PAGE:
His turn for watch came around. He gave it half a candle-mark, or so, before he reported the vessel. He definitely thought it was gaining on them.

“Mate Hraerek, I’ve something to report.”

“The dromon off our stern?”

“Aye.”

“Good work. Spotted it hours ago.”

A swell of relief washed over Einarr. “Does it look like it’s gaining to you, sir?”

“Unlikely. I expect it will turn aside eventually. It has no proof we’re raiders, after all.”

“If it’s a Valkyrie ship, that might not matter.”

“What do you mean?”

“Last spring, in the waters between Kjell and Apalvik, the Vidofnir was attacked by one of their hunting ships – and I can tell you from experience that there’s nothing to raid in those waters.”

The Mate furrowed his brow. “Apalvik? Why in the world were you headed there?”

Einarr snorted. “We weren’t, until we had a hold full of Valkyrian treasure to sell.”

That got a laugh out of the man, at least. “Keep an eye on it if it makes you feel better. I assure you, you won’t be the only one. But I wager it will turn aside soon enough. There’s not a lot between Eskiborg and Kjell, either, and our business in Eskiborg was peaceful.”

“Thank you, sir.” While not exactly reassuring, at least the Mate knew about it. He returned to his watch, all the while keeping one eye on the mysterious dromon to their south.

Matters continued like that for another day, and another, during which Einarr became increasingly sure that not only was the ship gaining, it was tailing them. He could see, now, the all-too-familiar wing-and-spear of the Order of the Valkyrie when the wind was right. But if he could, so could the Mate and so could the Captain.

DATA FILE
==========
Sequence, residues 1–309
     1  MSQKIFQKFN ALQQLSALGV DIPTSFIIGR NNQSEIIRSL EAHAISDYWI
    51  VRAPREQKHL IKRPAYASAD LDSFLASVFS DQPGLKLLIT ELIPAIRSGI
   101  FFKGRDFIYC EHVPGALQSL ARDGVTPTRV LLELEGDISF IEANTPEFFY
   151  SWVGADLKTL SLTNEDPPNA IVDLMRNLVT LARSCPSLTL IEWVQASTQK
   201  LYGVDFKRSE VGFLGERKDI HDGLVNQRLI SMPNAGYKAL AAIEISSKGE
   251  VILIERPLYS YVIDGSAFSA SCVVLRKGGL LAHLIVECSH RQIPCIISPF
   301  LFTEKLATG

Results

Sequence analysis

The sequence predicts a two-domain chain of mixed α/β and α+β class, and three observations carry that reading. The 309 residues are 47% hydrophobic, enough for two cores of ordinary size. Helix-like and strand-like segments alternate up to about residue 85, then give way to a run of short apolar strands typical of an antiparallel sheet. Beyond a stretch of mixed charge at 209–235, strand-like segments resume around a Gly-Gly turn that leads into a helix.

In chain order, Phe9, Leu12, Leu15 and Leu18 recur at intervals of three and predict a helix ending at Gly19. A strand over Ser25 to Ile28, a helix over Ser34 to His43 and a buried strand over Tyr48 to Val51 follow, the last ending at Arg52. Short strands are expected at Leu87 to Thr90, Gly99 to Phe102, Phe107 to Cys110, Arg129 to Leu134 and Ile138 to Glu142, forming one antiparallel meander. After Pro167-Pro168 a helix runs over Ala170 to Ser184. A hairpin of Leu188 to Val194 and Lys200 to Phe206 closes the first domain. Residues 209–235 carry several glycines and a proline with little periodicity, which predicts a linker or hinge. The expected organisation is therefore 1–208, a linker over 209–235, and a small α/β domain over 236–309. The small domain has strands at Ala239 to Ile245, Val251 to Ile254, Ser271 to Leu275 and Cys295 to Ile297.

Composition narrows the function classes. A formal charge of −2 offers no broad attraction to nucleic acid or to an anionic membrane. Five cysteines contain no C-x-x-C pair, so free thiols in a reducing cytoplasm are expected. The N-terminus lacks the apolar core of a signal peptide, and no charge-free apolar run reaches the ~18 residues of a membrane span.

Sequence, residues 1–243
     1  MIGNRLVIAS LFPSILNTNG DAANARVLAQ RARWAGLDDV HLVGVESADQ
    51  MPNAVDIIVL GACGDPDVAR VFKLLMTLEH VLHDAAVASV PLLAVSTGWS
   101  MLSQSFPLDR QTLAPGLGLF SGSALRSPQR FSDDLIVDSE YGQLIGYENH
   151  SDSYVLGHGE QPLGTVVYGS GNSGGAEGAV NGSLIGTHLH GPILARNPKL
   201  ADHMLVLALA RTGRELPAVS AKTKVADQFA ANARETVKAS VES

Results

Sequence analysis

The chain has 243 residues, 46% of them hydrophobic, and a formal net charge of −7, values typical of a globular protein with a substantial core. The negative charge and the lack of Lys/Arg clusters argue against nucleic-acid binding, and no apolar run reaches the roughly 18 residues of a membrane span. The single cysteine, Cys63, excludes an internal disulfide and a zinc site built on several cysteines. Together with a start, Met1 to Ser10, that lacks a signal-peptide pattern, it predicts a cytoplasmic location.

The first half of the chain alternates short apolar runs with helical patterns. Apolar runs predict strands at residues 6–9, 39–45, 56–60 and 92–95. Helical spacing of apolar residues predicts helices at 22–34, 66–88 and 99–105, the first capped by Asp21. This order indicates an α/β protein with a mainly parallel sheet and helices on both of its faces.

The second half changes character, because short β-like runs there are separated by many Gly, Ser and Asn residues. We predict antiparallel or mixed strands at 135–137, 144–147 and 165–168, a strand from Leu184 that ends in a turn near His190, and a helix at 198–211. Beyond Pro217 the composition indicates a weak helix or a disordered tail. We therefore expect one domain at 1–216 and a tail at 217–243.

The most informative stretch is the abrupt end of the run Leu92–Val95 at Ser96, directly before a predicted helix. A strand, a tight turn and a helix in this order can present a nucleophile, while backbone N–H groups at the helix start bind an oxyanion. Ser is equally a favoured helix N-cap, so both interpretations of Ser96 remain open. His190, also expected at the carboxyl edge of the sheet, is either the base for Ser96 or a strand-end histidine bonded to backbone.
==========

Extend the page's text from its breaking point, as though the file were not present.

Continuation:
On the seventh day out of port, Captain Kormund called on the skills of Hrug.

“All right, fortune teller. We’re far off the normal trade routes by now, and well out of anything the Coneheads even try to claim. Divine for me who mans that ship and why they follow us.”

Hrug made an exaggerated bow, even going so far as to flourish with his stump. The request had sounded more than a little pompous, although at this point he had come to expect that from this captain. Then the mute looked at Einarr and raised an eyebrow.

“Of course I’ll help.”

“What, you’re a fortune-teller to?”

“Not exactly.”

“Then how is it he asks you for help?”

“Oh, I’ve received the same training. At the same time, even. But he’s better at it. I’m just a Cursebreaker.”


Vote for Vikings on Top Web Fiction!

Table of Contents


Hi everyone. Thanks for reading! 

If you like what you read, it would really mean a lot to me if you clicked through to Top Web Fiction and voted for Einarr there. It’s a visibility boost in the ever-growing genre of web fiction, and that helps me out a lot. There’s no sign-up, and votes refresh every 7 days.

If you’re all caught up and looking for something a little longer to read, I also have other works available on Amazon.Or, if you happen to not like Amazon you can also get the Einarr ebook through Draft2Digital, B&N, Apple, Kobo… you get the idea. Direct links are available here.

Lastly, if you really like what I’m doing, I also have a Patreon account running with some fun bonuses available.